Figure 3:

Anteroposterior (A), oblique (B), and lateral (C) radiographs of the right ankle of a 26-year-old man more than 1.5 years after fixation. There was migration of the medial button into the TightRope (Arthrex, Naples, Florida) suture tract, bone erosion, and significant lucency surrounding the patient's hardware—changes all consistent with osteomyelitis.

The patient was taken to the operating room and underwent irrigation and debridement of his medial and lateral ankle wounds with removal of all hardware, including the tibial and fibular metallic buttons and the retained FiberWire (Athrex). His postoperative course was complicated by lateral wound dehiscence that required a skin graft. The patient was treated for polymicrobial osteomyelitis with 9 weeks of intravenous antibiotics.

At his most recent follow-up, the patient was able to ambulate without assistive devices and had returned to work as a bartender. Imaging revealed no syndesmotic widening and he was discharged.

Patient 3

A 29-year-old man presented to the emergency department with medial ankle erythema and drainage 6 weeks after undergoing open reduction and internal fixation of a left ankle fracture at an outside facility. He had undergone surgery for a lateral malleolus fracture with medial clear space widening and syndesmotic instability and was treated with a lag screw, a lateral plate, and a TightRope. After discussion with his surgeon, the patient was discharged from the emergency department with oral antibiotics (cephalexin) and planned to follow up with his surgeon. However, he presented again to the emergency department 3 days later with new onset lateral ankle erythema. Inflammatory markers were within normal limits and radiographs revealed no abnormalities with all hardware in appropriate position (Figure 4).


Anteroposterior (A), oblique (B), and lateral (C) radiographs of a left ankle 6 weeks after fixation. The patient's lag screw, lateral plate, and TightRope (Arthrex, Naples, Florida) are in appropriate position, with no radiographic complications or indication of osteomyelitis.

Figure 4:

Anteroposterior (A), oblique (B), and lateral (C) radiographs of a left ankle 6 weeks after fixation. The patient's lag screw, lateral plate, and TightRope (Arthrex, Naples, Florida) are in appropriate position, with no radiographic complications or indication of osteomyelitis.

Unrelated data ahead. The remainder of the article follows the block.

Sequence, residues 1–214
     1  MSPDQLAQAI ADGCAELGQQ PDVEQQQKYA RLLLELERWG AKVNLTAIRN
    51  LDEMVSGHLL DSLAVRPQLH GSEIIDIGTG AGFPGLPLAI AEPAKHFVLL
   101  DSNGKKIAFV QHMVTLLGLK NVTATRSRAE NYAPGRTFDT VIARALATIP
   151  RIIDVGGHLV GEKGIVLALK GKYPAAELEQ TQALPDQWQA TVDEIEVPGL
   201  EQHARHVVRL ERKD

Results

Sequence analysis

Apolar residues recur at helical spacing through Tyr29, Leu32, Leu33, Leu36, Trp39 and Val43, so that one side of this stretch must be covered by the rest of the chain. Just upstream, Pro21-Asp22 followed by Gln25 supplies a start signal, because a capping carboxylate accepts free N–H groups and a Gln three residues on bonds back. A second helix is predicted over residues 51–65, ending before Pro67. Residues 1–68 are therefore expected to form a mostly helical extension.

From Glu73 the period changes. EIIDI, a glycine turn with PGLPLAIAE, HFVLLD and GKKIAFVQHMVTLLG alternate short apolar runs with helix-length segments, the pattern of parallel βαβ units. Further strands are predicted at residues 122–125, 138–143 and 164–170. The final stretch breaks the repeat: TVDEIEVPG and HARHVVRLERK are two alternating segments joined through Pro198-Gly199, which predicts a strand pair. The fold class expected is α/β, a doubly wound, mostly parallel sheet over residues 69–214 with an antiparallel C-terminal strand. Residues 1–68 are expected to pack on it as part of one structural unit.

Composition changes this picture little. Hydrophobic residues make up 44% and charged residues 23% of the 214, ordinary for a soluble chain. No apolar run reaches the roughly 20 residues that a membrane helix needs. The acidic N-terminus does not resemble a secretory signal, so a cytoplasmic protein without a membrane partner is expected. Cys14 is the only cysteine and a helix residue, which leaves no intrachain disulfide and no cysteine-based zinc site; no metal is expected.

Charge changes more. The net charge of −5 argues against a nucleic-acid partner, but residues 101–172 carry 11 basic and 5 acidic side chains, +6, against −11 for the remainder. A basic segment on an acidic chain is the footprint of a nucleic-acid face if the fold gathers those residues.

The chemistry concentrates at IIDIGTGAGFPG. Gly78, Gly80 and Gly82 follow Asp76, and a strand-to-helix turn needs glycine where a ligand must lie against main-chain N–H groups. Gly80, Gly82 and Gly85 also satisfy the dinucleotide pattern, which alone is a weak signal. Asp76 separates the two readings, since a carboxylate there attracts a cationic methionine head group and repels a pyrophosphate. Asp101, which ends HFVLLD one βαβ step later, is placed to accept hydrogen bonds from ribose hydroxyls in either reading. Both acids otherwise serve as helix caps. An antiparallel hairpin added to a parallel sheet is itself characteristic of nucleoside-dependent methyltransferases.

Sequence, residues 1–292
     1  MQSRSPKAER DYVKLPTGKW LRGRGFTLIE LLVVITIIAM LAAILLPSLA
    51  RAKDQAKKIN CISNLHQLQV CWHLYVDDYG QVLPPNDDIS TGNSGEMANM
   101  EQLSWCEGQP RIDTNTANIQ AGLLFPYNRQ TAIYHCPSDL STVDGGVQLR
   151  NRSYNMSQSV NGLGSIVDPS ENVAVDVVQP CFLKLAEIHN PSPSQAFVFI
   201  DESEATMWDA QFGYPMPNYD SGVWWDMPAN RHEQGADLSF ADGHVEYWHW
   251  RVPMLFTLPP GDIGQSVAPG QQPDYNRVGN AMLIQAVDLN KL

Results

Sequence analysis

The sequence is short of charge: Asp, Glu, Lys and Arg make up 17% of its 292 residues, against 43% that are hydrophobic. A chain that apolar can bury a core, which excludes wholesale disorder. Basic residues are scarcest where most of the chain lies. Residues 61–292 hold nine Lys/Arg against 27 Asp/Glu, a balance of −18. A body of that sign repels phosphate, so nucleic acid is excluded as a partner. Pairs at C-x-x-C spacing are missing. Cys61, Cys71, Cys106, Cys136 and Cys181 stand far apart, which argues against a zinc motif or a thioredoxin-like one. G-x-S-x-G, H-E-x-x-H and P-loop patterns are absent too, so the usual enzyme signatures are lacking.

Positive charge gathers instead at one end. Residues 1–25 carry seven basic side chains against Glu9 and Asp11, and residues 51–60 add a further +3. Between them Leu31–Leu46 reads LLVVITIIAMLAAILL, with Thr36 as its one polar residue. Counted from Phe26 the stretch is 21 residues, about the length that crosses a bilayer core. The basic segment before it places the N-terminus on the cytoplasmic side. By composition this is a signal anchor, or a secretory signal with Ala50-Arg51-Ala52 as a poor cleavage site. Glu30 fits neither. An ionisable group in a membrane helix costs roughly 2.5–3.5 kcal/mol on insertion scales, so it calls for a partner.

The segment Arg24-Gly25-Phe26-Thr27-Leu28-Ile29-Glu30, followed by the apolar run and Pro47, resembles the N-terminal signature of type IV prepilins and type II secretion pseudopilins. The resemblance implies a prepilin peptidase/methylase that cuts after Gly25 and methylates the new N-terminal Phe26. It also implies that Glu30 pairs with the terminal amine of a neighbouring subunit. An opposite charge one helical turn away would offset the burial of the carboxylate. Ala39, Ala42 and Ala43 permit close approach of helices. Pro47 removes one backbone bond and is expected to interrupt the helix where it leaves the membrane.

Intraoperatively, pus was encountered when an incision was made over the medial suture button and concern existed for infection within the TightRope tunnel, which was thoroughly debrided. The patient's TightRope was removed intraoperatively and the decision was made to retain the remaining lateral hardware because his fracture was not yet healed. Five cultures obtained intraoperatively all grew Pseudomonas aeruginosa. A peripherally inserted central catheter was placed and the patient was administered piperacillin/tazobactam with a planned course of 6 to 8 weeks of intravenous antibiotic therapy at the recommendation of the authors' infectious disease department.

At the most recent follow-up with his initial surgeon, the patient's fracture had healed and he had undergone removal of hardware, was ambulating without assistive devices, and required no further syndesmotic fixation.

Discussion

Suture button systems have been shown to offer syndesmotic stabilization while allowing physiologic motion.15 Although the TightRope device is used with increased frequency for the treatment of syndesmotic instability, further data are needed to accurately determine long-term outcomes and complications of this technique.

A purported advantage of TightRope fixation is a decreased need for a second surgery to remove hardware15; however, 25% of patients in a recent study12 required removal of their suture button. These authors12 have since changed their surgical discussion with patients and now inform them that this device may require removal. An additional study reported 2 of 6 patients (33%) required removal because of soft tissue irritation.16 A systematic review examined the need for implant removal and found that of the 220 patients treated with a TightRope, 22 (10%) required implant removal.10 These rates remain significantly lower than those previously reported for syndesmotic screw fixation; nonetheless, patients should be counseled that the TightRope may require removal. A cost analysis is outside the scope of this article, but additional study would be worthwhile. Although it may be possible to remove syndesmotic screws in the office, thus eliminating the necessity of a second operative procedure, removal of a TightRope requires a return to the operating room for adequate debridement.